Thanks mmmmmpig! Your second paragraph is exactly why I thought it would be beneficial to write this up in the first place(and I bolded your quote). I have seen many people post that use PS or GIMP and they either don't use masks at all (many say they don't know how) OR they get stuck in the "masks are only useful to mask off land/water divisions via a channel" (which they are), and those people end up missing SOOOOO much of the potential just how flexible the use of masks can really be.
Originally Posted by mmmmmpig
I DO plan to add more to this tutorial in the next few days to show a few practical applications of masks instead of just a (hopefully) good explanation of what masks are and a general how to use them. For example, I plan to go over in detail how I used nothing much textures, masks, and a bit of dodge/burn to make the map in the following posthttp://www.cartographersguild.com/showthread.php?t=3127.
One big thing to note is that if you do not spend the time to do the dodge/burn, you can make that exact same map in under 10 minutes in GIMP with the appropriate textures Granted, you could do same thing by directly "painting" the textures and get the same result(though taking more time to do so), however as I pointed out in the tutorial's first few posts, if you ended up needing to change on of the textures, it would take far more time to make the change without masks than it would by using masks.
I haven't responded because I have yet to read all the way through it...I'm currently reading a book so too much reading for me. Once I do read through it and dust off the Gimp to try it out then I'll give ya some feedback.
The other thing to keep in mind is that layer masks can be edited like any greyscale image/layer.... you can apply filters on them, distort them, change the contrast, draw in them, stroke paths in them, etc.!
Originally Posted by RobA
Yep... I plan to go over some of that stuff, hopefully if not the next immediate update, the following one behind that. I was playing with a few textures and used the radial gradient with a repeating wave to make a cool texture the other day, and will show that at some point....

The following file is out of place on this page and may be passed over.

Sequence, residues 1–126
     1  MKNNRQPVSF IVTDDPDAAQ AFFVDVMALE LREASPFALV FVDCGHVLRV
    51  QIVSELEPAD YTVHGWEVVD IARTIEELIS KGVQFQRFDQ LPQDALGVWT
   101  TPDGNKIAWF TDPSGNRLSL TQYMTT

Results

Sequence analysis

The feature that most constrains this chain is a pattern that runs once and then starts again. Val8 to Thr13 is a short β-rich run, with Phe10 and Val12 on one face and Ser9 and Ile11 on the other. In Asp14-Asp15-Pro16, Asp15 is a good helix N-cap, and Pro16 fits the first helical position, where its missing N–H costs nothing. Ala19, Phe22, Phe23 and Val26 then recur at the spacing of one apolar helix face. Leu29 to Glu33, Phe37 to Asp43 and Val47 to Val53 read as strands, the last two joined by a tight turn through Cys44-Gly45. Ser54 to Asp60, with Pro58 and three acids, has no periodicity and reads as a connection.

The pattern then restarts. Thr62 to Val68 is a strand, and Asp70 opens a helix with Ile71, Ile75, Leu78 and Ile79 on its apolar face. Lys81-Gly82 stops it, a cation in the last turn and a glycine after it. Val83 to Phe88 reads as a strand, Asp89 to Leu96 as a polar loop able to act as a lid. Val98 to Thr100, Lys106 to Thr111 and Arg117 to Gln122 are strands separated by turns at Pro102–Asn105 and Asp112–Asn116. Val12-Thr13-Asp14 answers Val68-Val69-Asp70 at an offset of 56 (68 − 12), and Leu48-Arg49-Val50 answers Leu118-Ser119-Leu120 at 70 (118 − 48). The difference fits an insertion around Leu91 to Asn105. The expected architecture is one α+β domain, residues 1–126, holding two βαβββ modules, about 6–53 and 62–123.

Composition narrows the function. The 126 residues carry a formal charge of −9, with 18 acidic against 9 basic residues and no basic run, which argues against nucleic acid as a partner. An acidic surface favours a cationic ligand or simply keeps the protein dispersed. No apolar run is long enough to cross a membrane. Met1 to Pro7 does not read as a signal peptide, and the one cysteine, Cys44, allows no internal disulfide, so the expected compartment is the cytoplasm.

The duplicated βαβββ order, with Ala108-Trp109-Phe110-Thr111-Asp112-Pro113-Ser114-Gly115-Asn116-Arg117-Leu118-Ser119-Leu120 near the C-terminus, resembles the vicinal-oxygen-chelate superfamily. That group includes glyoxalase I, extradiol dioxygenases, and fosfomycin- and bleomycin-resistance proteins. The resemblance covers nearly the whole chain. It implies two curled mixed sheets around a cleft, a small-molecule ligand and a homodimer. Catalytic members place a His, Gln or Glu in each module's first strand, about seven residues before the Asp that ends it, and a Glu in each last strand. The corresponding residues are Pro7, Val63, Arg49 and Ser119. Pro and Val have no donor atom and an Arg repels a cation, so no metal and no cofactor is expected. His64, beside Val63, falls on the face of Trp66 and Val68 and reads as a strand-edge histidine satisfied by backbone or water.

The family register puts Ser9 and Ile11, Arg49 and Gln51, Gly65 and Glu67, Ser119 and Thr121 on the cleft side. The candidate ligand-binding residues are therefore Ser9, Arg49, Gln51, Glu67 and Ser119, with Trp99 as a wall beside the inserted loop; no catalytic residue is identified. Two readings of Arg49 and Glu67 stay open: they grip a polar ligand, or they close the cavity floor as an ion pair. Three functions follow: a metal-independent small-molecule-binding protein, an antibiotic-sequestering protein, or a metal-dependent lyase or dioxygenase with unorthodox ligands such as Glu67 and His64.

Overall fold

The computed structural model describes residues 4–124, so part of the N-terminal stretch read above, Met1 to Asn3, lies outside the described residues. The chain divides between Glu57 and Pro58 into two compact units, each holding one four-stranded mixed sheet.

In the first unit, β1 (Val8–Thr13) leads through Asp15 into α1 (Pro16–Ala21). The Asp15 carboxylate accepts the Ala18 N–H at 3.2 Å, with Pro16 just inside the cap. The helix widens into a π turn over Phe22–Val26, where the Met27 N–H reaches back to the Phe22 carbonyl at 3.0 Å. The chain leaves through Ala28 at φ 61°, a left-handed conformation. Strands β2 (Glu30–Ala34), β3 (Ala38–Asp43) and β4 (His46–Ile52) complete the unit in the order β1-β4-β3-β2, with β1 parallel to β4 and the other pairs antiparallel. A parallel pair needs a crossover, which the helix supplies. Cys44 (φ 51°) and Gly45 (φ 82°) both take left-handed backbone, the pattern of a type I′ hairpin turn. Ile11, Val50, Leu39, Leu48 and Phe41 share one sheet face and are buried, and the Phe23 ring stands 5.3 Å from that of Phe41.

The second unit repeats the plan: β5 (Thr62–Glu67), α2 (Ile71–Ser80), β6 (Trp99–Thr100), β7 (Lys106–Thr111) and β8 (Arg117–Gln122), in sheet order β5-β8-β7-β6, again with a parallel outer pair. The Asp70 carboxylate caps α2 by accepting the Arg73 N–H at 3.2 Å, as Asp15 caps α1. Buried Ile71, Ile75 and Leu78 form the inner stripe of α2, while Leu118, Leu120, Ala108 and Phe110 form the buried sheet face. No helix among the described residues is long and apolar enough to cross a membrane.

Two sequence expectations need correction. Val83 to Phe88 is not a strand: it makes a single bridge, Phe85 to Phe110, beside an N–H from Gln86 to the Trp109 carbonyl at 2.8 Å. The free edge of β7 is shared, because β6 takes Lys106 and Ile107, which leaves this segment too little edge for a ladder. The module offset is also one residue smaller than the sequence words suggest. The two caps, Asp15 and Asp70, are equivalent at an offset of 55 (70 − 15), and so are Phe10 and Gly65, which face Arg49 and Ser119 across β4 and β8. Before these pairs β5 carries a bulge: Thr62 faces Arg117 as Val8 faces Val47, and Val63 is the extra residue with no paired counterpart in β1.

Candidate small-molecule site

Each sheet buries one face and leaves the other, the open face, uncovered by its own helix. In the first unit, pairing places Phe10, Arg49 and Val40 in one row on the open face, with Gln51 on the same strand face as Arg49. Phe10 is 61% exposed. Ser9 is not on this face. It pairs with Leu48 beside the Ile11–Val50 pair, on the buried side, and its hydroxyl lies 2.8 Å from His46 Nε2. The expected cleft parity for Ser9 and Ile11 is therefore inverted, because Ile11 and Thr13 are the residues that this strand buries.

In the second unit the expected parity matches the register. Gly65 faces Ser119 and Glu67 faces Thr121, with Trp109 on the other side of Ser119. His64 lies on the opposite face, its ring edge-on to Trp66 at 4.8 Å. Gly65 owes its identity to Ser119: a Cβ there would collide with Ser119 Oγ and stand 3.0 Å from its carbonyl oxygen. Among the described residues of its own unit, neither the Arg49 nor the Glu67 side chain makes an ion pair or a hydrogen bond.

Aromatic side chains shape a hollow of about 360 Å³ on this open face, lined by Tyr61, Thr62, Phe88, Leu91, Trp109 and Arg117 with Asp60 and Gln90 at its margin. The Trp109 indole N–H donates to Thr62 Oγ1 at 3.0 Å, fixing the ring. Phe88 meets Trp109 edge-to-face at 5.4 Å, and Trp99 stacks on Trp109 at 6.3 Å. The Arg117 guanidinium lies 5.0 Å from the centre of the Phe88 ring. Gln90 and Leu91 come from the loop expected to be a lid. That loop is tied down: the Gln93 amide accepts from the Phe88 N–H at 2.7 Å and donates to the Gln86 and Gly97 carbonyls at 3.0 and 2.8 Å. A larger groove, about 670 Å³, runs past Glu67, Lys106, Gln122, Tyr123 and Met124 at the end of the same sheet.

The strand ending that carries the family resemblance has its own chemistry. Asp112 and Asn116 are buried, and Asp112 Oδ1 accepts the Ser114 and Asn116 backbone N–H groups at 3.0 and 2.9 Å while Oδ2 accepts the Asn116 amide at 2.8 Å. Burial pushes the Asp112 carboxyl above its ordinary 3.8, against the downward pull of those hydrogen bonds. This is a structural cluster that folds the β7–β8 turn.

Ok.... so now on to practical application. I will start with a completed map and show you how I used layer masks to create the map and how using layer masks allows you to be flexible if you wish to make changes to the textures used.
I will use some textures I got from the CSUAC to show you how to create a battle map similar to the one I create here. Here is the sample file we will try to imitate (to some extent) while using layer masks to keep our flexibility.
Start with a new image. In this case, I have my GIMP set up default to 1600x1200, 150 ppi.
Here is a short quicktime video file. Hopefully, this is viewable as it's the first one I have created. The video file is 10MB and is only 14 seconds long.
- Create a new File.
- Fill the background layer with the color 314077(or something you like)
Will continue this after a few people can verify that the video file is viewable.
I can confirm the video is viewable
I find mask really useful, and I tend to have them on most layers to be honest, what I really wish was that you could have 2 or more active masks on a single layer at a time (ie a blurred forest mask and the landmass mask). And hence not be forced to apply a mask when not ready to.
viewable on my mac, but it goes off the screen
I too was able to view it, but it seemed to go off the screen for me as well
This next video is longer and larger in size, but smaller in screen real estate as I constrain the video to a portion of the screen indeed of full screen. Link is here. Note, the previous step and this step can be skipped if you already have a method for generating water that you like or if you have an existing texture. This is included here for completeness.
In this video, I finish up the water using these step:
- Create a new layer named Water Texture
- Create a new layer named Water Texture Overlay
- Fill the Water Texture Overlay layer with 50% gray, which is 808080 in hex as per the video
- Run the Filters->Render-Clouds->Plasma set to max turbulence on the Water Texture layer
- Set you Foreground to black and background to white and Run Colors->Map->Gradient Map on the Water Texture layer
- Turn off the Water Texture layer so it is not visible
- Select the Water Texture Overlay layer and run the Filters->Map->Bump Map with the Bump map set to the Water Texture layer. Make sure the Elevation is turned all the way up as high as it will go. Set Depth down around 10-20 as you prefer.
- Change the Water Texture Overlay blending mode to Overlay and you should have an image of blue with a very choppy texture over top.
Originally Posted by Jkaen
They are very nice tools... but I have found myself wishing that a couple of times, as well... I have hated having to apply the mask, thereby forcing any changes to be made permanent (short of a ctrl-z).